The 2019 Cape Epic was one for the record books, according to Sport24.
It featured more metres of climbing per kilometre than any previous edition. Off the bike, it broke its own viewership records, with mountain biking fans tuning in from around the globe to view the live broadcast over 1 500 000 times during the eight days of racing.
Of the 1 380 riders who rolled off the start line at the University of Cape Town, 1 273 earned a finisher's medal at Val de Vie Estate. That is a completion rate of 92%. The historical average is 86% (2004-2018), which indicates that despite the climbing-heavy route, the general level of preparation was higher than ever. In fact, 2019's finisher percentage was up to a new highest level, by one percentage point from 2018.
Cycling has long been the scene of a technological arms race. Mountain biking and the Cape Epic are not exempt from that trend. 57% of the field purchased new bikes for the challenges of the Untamed African MTB Race and 12% of the field listed their bikes at being valued between R100 000 and R110 000. Unsurprisingly, the number of riders participating on full suspension bikes grew from 94% to 96% in 2019.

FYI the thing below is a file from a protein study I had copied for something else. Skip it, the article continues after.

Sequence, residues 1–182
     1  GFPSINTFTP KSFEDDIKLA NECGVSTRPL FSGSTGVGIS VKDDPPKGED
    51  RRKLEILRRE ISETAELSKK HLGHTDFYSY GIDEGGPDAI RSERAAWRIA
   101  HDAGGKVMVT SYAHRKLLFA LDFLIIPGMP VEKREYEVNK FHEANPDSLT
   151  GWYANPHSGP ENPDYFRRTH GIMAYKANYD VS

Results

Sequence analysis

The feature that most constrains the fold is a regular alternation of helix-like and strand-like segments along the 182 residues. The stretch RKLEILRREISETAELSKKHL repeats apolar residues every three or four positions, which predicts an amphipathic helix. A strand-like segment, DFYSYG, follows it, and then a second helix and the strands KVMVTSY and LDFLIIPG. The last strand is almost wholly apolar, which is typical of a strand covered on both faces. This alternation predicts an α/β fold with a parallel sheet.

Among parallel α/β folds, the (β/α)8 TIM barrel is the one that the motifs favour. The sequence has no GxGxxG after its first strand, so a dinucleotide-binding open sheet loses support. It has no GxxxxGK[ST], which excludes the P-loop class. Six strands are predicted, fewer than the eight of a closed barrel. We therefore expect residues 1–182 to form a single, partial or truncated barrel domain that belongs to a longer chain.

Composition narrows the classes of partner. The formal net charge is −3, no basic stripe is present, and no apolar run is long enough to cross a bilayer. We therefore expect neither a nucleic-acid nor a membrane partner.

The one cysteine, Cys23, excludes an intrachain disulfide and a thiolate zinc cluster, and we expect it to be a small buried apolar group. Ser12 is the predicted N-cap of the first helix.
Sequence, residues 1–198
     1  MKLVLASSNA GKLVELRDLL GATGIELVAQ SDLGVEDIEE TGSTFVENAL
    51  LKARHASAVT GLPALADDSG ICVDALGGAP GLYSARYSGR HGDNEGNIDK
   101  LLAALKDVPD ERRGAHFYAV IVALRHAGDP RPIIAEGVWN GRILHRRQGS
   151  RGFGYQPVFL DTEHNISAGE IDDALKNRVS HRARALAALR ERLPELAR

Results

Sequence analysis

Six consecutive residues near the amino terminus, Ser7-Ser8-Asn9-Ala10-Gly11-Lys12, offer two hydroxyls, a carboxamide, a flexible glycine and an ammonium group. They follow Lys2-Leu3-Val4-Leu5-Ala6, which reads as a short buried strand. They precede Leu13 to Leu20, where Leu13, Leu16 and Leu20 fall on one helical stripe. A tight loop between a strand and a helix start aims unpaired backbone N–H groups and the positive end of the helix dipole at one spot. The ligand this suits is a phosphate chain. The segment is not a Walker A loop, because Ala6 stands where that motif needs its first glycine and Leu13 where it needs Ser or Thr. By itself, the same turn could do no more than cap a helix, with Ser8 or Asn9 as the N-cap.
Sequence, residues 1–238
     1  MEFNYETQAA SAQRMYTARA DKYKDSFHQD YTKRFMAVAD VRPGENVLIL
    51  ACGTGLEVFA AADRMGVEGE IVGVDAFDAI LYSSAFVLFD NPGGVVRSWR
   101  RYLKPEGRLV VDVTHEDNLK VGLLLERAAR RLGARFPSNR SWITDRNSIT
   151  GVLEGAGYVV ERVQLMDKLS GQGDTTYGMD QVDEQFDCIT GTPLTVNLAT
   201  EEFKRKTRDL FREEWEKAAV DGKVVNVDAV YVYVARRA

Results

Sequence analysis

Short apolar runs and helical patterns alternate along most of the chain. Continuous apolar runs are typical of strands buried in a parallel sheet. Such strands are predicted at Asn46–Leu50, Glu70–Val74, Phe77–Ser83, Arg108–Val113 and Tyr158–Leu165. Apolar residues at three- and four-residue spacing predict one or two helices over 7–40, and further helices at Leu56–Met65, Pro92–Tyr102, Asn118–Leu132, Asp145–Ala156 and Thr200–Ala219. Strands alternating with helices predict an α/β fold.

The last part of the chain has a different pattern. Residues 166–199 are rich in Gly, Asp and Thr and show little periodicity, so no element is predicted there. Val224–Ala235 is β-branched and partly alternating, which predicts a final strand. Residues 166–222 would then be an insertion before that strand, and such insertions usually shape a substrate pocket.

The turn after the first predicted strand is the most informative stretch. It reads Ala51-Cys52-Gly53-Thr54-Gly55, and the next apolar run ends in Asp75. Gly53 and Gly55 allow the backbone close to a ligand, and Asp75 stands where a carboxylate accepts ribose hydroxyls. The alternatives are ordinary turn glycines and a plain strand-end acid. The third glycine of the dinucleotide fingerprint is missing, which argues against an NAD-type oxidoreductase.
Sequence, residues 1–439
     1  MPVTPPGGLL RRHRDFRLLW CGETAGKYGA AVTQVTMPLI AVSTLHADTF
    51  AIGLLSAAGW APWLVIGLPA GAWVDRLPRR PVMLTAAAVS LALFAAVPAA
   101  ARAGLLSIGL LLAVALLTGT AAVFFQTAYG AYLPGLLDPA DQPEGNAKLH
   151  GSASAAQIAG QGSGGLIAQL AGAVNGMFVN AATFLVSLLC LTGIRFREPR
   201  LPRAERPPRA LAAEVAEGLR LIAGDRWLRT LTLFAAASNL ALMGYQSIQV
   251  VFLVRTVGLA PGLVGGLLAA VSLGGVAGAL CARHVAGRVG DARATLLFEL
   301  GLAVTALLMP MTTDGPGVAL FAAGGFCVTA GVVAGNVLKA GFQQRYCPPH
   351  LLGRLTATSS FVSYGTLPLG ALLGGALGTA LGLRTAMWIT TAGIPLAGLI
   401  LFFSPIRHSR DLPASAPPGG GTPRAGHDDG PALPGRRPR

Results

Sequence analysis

SRAM dominated the drivetrain count, claiming a sizeable majority by powering 76% of the bikes in the race. The question of riding single, double or triple chainrings had a very clear winner. Single chainring come out on top with 88% of riders opting for a maximum of 12 gears to get them through the 624 kilometres and 16 650m of vertical ascent.
As any rider will attest, a good pair of sunglasses goes a lot further than just being functional. Oakley was the eyewear brand of choice, ensuring clarity of vision for 58% of eyes, which were staring out at the trails of the Western Cape.
The most fiercely contested battle, however, was that of the bike manufacturers. For the third year in a row, Specialized topped the charts. The Big Red S proved the choice for almost one third of riders in the field. SCOTT claimed second place and Cannondale third. Interestingly, these three brands also had the most amount of category and special jersey wins between them.
89% of the field trained for the Cape Epic using both a heart rate monitor and a GPS head unit. Power meters were less widely adopted though, with 54% of the riders basing their training on power data, and 2019 was the first year that power meters have crossed the 50% mark.